Referring to FIGS. 3A, 3B, 7-14, and TABLE 1, boot file 124 with boot software is replicated on each of the disks 90-1, 90-2, 90-3 for booting system 2. In order to disk boot system 2, the boot software loads the necessary files from the boot disk into memory and enables execution of the software. Since boot file 124 is replicated on all disks 90-1, 90-2, 90-3, the system can boot from any disk and inform the operator when one disk is not available. In the subsequent explanation, disk 90-2 is presumed to be the boot disk.
As will be understood, it is necessary to boot the system when power is first switched on (Cold Boot initiated) or when necessary during system operation (Warm Boot initiated). For example, a manual `Boot` button (not shown) is provided for initiating a Warm Boot.
In a Cold Boot, the system processors 78, except for a maintenance panel 95, are in a reset state. On power up, maintenance panel 95 checks to determine if power input is correct, and if so, releases reset lines contained in a Boot Bus 92. Boot Bus 92 is coupled to Boot & LSIO service processor 73 and UI communication controller 80 on PWB 70-2 through boot bus processor 75, and to channel loader/scheduler processor 76 on PWB 70-10 through boot bus processor 77. The reset lines release processors 76 and 73 and UI communication controller 80 allowing Boot Bus 92 during the boot sequence to transmit software programs from PWB 70-2 to processor 76 on PWB 70-10 for downloading to each processor channel 81. Once communications are established, Boot Channel 93 initializes all channels 81 to enable downloading of the micro code instructions by channel Loader/Scheduler processor 76 as described in TABLE I.
Whenever the system is booted, the PROC ID stored in chip 69 is read and compared with the PROC ID from the Sys NVM Seal and the Sys NVM Seal compared with the PV Boot Page Seal to determine if PWB 70-2 is defective or if any disk has been replaced. The PROC ID is compared with the PV Root Page Proc. ID to see if the booting disk was replaced.
When the boot file 124 cannot be read off the specified boot disk, the disk number is incremented and the booting process continues using a second disk. If the second disk is found to be unavailable, booting from the third disk is tried. Where booting cannot be made from any disk following a preset number of tries, the system returns to a service dialogue routine in Diagnostic Manager 56, requiring servicing by the Tech Rep and booting of the system through the use of streaming tape using streaming tape boot button 98 (seen in FIG. 12).
Referring to FIG. 15, an overview of one aspect of the above-described embodiment is illustrated by way of a flow chart in which critical files are stored in duplicate on each of disks 90-1, 90-2 and 90-3 (FIGS. 5-7) or noncritical files are stored, in the form of blocks, across the same disks.
While the invention has been described with reference to the structure disclosed, it is not confined to the details set forth, but is intended to cover such modifications or changes as may come within the scope of the following claims.
1. POWER & CABLE CONNECTIONS ARE CHECKED BOTH TO SCANNER 4 & PRINTER 8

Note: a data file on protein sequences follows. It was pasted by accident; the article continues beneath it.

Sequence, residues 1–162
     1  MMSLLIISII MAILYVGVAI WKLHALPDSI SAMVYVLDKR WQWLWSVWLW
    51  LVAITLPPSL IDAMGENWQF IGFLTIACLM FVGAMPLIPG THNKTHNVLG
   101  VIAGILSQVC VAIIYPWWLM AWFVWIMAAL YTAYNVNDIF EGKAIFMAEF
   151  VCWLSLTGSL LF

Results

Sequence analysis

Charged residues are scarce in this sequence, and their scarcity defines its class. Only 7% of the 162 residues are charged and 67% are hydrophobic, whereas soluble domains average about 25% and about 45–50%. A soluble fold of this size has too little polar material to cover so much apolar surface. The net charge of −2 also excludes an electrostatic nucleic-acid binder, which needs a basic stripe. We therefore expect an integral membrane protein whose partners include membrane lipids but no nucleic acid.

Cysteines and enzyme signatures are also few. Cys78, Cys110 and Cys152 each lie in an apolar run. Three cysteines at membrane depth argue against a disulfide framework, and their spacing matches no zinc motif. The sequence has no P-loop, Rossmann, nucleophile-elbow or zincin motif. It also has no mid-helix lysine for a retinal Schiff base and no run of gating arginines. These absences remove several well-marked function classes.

2. SYSTEM MEMORY 61 TESTED & INITIALIZED. CHANNEL PROCESSORS 81 PERFORM READS & WRITES TO VARIOUS SECTIONS OF MEMORY 61
3. DISK CONTROLLER MICROCODE IS DOWNLOADED TO DISK CONTROLLER PROCESSORS 82 VIA BOOT BUS 92 & BOOT DOWNLOAD CONTROL LOGIC 79
4. IF COLD BOOT, SPIN-UP COMMANDS SENT TO DISK DRIVES 83 (IF WARM BOOT, CHECKS MADE TO SEE IF ALL DISKS 90-1, 90-2, 90-3 ARE SPINNING)
5. CHANNEL LOADER MICROCODE IS SENT VIA BOOT BUS 92 TO PWB 70-10. MICROCODE IS THEN DOWNLOADED USING BOOT DOWNLOAD CONTROL LOGIC 79 TO CHANNEL LOADER/SCHEDULER PROCESSOR 76.
6. CHANNEL LOADER/SCHEDULER PROCESSOR 76 REQUESTS THAT DISK CONTROLLER PROCESSOR 82 RETRIEVE THE CONTROLLER MICROCODE FILE FROM DISK 90-2. DISK CONTROLLER PROCESSOR 82 SHIPS FILE TO MEMORY 61. CHANNEL LOADER/SCHEDULER PROCESSOR 76 THEN DOWNLOADS MICROCODE TO EACH CHANNEL USING BOOT DOWNLOAD CONTROL LOGIC.
7. CHANNEL LOADER/SCHEDULER PROCESSOR 76 REQUESTS THAT DISK CONTROLLER PROCESSOR 83 RETRIEVE THE APPLICATION SOFTWARE LOADER PROGRAM FROM DISK 90-2. DISK CONTROLLER PROCESSOR 83 SHIPS FILE TO MEMORY 61.
8. SCHEDULER MICROCODE IS DOWNLOADED INTO CHANNEL LOADER/SCHEDULER PROCESSOR 76. PROCESSOR 76 WILL NOW PERFORM ONLY AS A SCHEDULER PROCESSOR.
9. APPLICATION SOFTWARE LOADER PROGRAM IS STARTED. APPLICATION SOFTWARE IS RETRIEVED FROM DISK 90-2 & STORED IN MEMORY 61.
10. UI 52, SCANNER 4, & PRINTER 8 SOFTWARE IS DOWNLOADED.
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|U.S. Classification||358/1.16, G9B/20.053, 714/E11.098, 707/999.204, 707/999.202|
|International Classification||G06F11/20, H04N1/21, G06F12/00, G06F12/16, G06T1/00, G11C29/00, G11B20/18|
|Cooperative Classification||G06F11/1456, G06F11/1461, G11C29/74, Y10S707/99955, Y10S707/99953, G06F11/1433, G06F11/2094, G11B20/1833|
|European Classification||G11C29/74, G06F11/14A10H, G11B20/18D, G06F11/20S6|
|Apr 1, 1991||AS||Assignment|
Owner name: XEROX CORPORATION, STAMFORD, CT A CORP. OF NEW YOR
Free format text: ASSIGNMENT OF ASSIGNORS INTEREST.;ASSIGNORS:SATHI, KITTY;IPPOLITO, RONALD A.;STEGBAUER, RANDALL J.;AND OTHERS;REEL/FRAME:005669/0308;SIGNING DATES FROM 19910326 TO 19910327
|Feb 12, 1998||FPAY||Fee payment|
Year of fee payment: 4
|Feb 11, 2002||FPAY||Fee payment|
Year of fee payment: 8
|Jun 28, 2002||AS||Assignment|
Owner name: BANK ONE, NA, AS ADMINISTRATIVE AGENT, ILLINOIS
Free format text: SECURITY INTEREST;ASSIGNOR:XEROX CORPORATION;REEL/FRAME:013153/0001
Effective date: 20020621
|Oct 31, 2003||AS||Assignment|
Owner name: JPMORGAN CHASE BANK, AS COLLATERAL AGENT, TEXAS
Free format text: SECURITY AGREEMENT;ASSIGNOR:XEROX CORPORATION;REEL/FRAME:015134/0476
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Owner name: JPMORGAN CHASE BANK, AS COLLATERAL AGENT,TEXAS
Free format text: SECURITY AGREEMENT;ASSIGNOR:XEROX CORPORATION;REEL/FRAME:015134/0476